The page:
culturevulture.net – review

culturevulture.net – review

Tenor saxophonist David Ware’s albums have never been boring. His deep sense of spirituality, and the sheer force of his playing, imbues his music with an intensity which has brought him a reputation as the closest thing the current jazz scene has to John Coltrane.

In the past three or four years, though, it seems as though Ware has outgrown the space allotted him by jazz, and by the world. He has launched his group, and himself, forward at top speed, attempting to break the bounds of the “avant-garde” and truly free his music, once and for all. The quartet’s last album, Surrendered, was a tour de force, displaying all the band’s strengths in a uniquely (for them) melodic context. All self-indulgence was pared away, and Surrendered delivered a powerful, cohesive set of songs, opening up their music to an entire world of potential listeners.

On this new disc, Ware has altered his music once again, and he comes closer than ever to a final abandonment of “jazz.” Corridors & Parallels features Ware’s longtime pianist (and a brilliant composer in his own right) Matthew Shipp on synthesizer. Ware has also abandoned composition on this disc; all the tracks were improvised in the studio, then edited and remixed after-the-fact. Rather than use the electronic instrument (and the studio technology) to give the music a modish groove, though, the quartet seems to be heading in the direction of science fiction. Shipp’s keyboard figures (particularly on “Jazz Fi-Sci”) squiggle around in the background of the music, sounding sometimes like short-wave radio transmissions bouncing back from the far side of the universe and other times like distortion, or a recording error.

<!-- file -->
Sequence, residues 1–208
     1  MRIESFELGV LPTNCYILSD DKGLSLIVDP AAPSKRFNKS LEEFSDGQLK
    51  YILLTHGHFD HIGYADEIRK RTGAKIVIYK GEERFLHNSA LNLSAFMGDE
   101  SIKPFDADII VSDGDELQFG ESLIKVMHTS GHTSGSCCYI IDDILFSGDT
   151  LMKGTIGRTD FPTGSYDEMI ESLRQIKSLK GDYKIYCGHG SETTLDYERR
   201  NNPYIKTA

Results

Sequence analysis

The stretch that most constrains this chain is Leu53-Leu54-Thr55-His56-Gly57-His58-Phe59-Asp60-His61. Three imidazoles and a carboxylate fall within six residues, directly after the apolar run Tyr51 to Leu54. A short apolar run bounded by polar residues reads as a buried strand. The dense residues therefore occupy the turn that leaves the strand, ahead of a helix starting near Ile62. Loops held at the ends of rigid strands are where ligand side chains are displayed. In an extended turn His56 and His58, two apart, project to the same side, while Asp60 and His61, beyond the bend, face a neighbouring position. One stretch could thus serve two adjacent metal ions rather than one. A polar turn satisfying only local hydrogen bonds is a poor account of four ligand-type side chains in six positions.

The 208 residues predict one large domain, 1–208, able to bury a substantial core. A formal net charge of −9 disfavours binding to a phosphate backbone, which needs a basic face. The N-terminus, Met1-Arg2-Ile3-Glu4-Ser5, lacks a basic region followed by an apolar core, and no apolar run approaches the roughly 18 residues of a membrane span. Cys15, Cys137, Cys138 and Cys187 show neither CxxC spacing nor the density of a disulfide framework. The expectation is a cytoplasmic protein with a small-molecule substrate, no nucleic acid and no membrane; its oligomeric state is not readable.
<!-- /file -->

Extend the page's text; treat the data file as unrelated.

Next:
On other pieces, like “Superimposed,” the keyboard’s programmed-rhythm functions are employed to give the music a wholly synthetic sound, which is only disrupted by the unruly, organic skronk and bellow of Ware’s saxophone. Not all the album’s tracks are jarring, or aggressive, though. Some, like “Sound-A-Bye,” find Ware issuing long, droning tones from his horn while the rhythm section (bassist William Parker and drummer Guillermo Brown) constructs a delicate forest of shimmering chimes, softly tapped percussion and booming bass throbs. The self-explanatory “Mother May You Rest In Bliss” (Ware’s mother died this year) is probably the track closest in sound to his previous work; he works at the melody like a dog on a bone, digging into it until nothing remains but scraps. Ware’s ballads have always been stoic and dignified, while still seeming suffused with a deep agony, and this one (as befits its title) is no exception.

This is a fascinating record. It flies in the face of what anyone might have expected from David Ware, who’s been one of the largest figures on the New York free jazz scene for years. It also goes against an unspoken tradition within Ware’s chosen subgenre of jazz; while other avant-garde players (Sun Ra most notably) have employed electronic keyboards in their music, it’s unheard-of for a musician of Ware’s stature to take such a sharp left turn, at this point in his career. For these reasons, whatever anyone thinks of the music on Corridors & Parallels, it must be seen as one of the David S. Ware Quartet’s most important recordings. It’s a good thing, then, that the music is beautiful, powerful and in a few cases unforgettable. “Jazz Fi-Sci” is a track that breaks open the boundaries of jazz, avant-garde or otherwise, and “Mother May You Rest In Bliss” and the album’s title track are among Ware’s finest recorded moments.

In literature, science fiction often casts a clear eye on the present, through the prism of an imagined future. Corridors & Parallels does that for jazz—through consciously futurist gestures, it illuminates where “traditional” free jazz is. While it’s not a manifesto (Ware certainly doesn’t seem to imply that his newly-chosen path is the only possible one), this record certainly indicates that this quartet can remain a vital, creative force for decades to come, if they so choose.

Phil Freeman

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